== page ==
It is a maxim of politics that people do not vote on foreign policy. But foreign policy became a domestic issue here on March 11, when the country was shaken by the early morning terrorist strikes on four Madrid commuter trains.
The moment at which Spaniards decided to throw out the conservative Popular Party that had ruled the country for eight years was not the attack itself, which took more than 200 lives and injured over 1,500 people. In the immediate aftermath of the blasts the government announced that they had almost certainly been the work of the Basque separatist group ETA, and with national elections only three days away, the conventional wisdom here was that the people would rally behind the ruling party for its hard-line law-and-order policies. But attitudes changed as hour-by-hour revelations suggested that the government had downplayed evidence pointing to Islamic extremist groups engaged in reprisals for Spain’s backing of the US invasions of Iraq and Afghanistan. Public anger boiled over when it became clear that the government was desperately trying to spin the investigation. Spain’s largest daily, El Pais, reported that Foreign Minister Ana Palacio had ordered Spanish embassies to push the ETA line, and, in a particularly clumsy move, Prime Minister José María Aznar personally called the editors of the country’s newspapers warning them off pursuing the Al Qaeda connections.
People did not like being lied to. The night before the elections, thousands filled the streets outside the Popular Party’s headquarters, accusing the government of making Spain a target with its US alliance and then trying to cover up the consequences. “We want the truth before the elections,” the crowd chanted. “No more manipulation of information!” The demonstrations continued throughout the night, with groups of protesters marching through the city’s cobblestone streets banging pots and pans. “We were tired of this authoritarian style of government,” said José Ortega, a Madrid psychology professor.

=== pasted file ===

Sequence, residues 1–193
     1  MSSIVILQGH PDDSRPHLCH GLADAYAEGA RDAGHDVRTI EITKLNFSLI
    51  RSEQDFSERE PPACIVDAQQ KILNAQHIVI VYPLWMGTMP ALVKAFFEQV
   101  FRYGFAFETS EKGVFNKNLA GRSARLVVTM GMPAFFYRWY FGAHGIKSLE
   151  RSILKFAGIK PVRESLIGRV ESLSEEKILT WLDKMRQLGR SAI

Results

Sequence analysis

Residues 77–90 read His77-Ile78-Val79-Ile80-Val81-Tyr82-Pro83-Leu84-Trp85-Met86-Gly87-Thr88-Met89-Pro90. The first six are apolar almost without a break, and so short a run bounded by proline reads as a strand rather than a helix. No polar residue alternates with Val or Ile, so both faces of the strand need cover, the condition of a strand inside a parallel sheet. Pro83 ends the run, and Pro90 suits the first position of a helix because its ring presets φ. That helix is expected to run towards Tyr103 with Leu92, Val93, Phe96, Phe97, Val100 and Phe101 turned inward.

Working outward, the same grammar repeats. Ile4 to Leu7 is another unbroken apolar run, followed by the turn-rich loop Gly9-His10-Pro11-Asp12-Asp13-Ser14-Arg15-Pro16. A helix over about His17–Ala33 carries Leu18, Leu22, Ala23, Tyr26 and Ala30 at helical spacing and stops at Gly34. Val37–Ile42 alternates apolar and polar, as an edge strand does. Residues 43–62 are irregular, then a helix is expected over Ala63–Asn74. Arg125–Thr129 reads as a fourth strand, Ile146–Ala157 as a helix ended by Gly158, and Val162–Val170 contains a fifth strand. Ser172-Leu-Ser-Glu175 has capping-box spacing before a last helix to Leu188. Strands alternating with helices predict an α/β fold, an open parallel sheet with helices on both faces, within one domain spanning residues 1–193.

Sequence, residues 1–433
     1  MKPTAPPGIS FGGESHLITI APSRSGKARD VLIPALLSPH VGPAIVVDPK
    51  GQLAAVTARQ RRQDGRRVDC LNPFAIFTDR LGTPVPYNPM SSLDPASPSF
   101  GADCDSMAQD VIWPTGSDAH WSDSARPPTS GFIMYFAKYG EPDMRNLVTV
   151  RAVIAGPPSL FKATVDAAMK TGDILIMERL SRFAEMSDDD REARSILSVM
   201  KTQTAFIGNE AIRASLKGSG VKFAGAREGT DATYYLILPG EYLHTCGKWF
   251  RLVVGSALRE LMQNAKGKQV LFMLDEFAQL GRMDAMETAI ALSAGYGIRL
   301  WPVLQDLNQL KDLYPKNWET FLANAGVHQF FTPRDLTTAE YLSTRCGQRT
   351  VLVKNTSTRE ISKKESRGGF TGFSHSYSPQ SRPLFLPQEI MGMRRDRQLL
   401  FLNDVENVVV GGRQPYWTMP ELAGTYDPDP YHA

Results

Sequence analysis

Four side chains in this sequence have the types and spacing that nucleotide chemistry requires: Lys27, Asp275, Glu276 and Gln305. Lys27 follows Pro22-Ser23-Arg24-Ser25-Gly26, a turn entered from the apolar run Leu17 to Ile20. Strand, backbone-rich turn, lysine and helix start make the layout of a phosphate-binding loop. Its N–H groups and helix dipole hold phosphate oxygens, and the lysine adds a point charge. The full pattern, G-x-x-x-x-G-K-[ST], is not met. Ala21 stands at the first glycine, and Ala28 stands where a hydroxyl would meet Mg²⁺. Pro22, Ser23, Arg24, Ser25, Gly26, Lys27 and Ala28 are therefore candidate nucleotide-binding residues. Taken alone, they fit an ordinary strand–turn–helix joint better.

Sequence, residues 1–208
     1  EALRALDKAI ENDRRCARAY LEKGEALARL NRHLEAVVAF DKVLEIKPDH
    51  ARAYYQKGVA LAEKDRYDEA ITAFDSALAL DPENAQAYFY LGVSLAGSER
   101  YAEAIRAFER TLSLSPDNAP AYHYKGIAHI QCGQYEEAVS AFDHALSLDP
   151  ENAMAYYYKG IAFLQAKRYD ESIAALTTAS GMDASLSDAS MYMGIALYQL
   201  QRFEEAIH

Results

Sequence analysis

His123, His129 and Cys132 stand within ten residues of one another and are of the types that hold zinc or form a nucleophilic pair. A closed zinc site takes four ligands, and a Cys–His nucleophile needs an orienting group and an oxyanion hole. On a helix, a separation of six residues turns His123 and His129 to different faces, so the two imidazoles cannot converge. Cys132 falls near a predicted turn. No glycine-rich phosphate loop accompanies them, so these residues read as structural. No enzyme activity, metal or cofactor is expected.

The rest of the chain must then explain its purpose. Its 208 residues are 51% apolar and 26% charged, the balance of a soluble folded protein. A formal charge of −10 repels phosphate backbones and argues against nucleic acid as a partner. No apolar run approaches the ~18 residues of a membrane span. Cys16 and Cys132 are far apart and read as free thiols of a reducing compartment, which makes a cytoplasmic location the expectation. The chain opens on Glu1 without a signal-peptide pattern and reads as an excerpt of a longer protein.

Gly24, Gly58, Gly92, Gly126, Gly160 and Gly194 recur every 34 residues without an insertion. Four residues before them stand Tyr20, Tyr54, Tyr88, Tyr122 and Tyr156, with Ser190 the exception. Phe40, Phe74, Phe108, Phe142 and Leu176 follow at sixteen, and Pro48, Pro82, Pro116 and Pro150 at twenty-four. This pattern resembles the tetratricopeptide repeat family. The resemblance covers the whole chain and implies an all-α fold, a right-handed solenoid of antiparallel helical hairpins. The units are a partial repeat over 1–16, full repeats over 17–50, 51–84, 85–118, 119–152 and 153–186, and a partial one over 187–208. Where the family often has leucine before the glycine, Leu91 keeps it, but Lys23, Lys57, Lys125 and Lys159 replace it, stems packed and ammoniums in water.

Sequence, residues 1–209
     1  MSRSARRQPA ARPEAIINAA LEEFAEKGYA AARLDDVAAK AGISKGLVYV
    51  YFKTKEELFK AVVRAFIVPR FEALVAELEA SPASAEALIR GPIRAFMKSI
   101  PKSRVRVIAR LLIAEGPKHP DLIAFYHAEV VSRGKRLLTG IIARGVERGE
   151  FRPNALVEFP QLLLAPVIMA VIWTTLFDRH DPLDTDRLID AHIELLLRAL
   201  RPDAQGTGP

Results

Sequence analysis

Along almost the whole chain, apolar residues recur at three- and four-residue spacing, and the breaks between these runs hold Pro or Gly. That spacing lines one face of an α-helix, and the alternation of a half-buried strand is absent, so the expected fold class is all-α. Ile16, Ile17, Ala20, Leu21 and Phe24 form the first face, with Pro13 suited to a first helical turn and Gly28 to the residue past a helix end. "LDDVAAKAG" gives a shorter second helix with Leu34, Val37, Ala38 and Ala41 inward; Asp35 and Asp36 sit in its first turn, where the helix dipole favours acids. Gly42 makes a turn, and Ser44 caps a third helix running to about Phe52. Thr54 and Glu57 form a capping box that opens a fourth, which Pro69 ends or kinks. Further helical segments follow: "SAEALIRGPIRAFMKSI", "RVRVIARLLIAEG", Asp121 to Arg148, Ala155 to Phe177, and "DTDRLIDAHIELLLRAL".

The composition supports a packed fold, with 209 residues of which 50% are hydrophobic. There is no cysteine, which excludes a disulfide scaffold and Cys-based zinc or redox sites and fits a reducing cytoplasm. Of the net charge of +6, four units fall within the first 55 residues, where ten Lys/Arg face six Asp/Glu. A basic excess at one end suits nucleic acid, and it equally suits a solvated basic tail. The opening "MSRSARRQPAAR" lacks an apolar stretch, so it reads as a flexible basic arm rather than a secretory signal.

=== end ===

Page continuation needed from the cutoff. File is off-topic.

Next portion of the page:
Until the bombing and the government reaction, the Popular Party had been expected to win the election easily, even though an overwhelming majority of the people had opposed Spain’s involvement in the Iraq war. Compared with economic growth and domestic tranquillity, Spain’s relatively small involvement in the war was an abstract idea. “We didn’t want to go to war, but we did [it] because of Aznar,” said Miguel Barrios, a 45-year-old maintenance worker who was in one of the bombed trains. “They didn’t pay attention to the antiwar movement.”
For the Bush Administration, the election of the Socialists means the loss of a crucial supporter of its foreign policy. In a news conference, Prime Minister-elect José Luis Rodríguez Zapatero called the Iraq war and subsequent occupation “a disaster” and pledged to bring Spain’s 1,300 troops home by the end of June unless the occupation comes under United Nations control. Zapatero said fighting terrorism cannot be a unilateral action, but requires “a grand alliance” of democracies. Socialist envoys are already preparing to mend relations with the French and German governments and to work more closely with them. “Assuming it is Al Qaeda, it is not just a Spanish problem, it is a European problem,” said Rafael Bardaji, a former Spanish intelligence official.
Meanwhile, Spaniards continue grieving. On the Sunday after the attacks, hundreds of people showed up at the train stations where the blasts had occurred to mourn at ad hoc shrines. Normally drab corners and walkways were strewn with flowers, crayon drawings, photographs and, in one station, a teddy bear. That night, following the surprise ouster of the Popular Party, the atmosphere was less celebratory than one of muted relief. “The sensation is both bitter and sweet,” said Ortega. “We are happy, but we are mourning.”